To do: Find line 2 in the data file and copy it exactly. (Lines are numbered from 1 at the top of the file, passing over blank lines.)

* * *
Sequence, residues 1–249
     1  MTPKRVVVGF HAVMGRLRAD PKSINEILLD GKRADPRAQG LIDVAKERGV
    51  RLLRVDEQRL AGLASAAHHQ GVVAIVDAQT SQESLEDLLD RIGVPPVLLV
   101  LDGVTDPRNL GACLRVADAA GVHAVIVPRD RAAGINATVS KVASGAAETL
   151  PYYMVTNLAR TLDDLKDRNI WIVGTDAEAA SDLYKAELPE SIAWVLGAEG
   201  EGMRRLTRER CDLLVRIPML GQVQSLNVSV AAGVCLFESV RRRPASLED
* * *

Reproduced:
     1  MTPKRVVVGF HAVMGRLRAD PKSINEILLD GKRADPRAQG LIDVAKERGV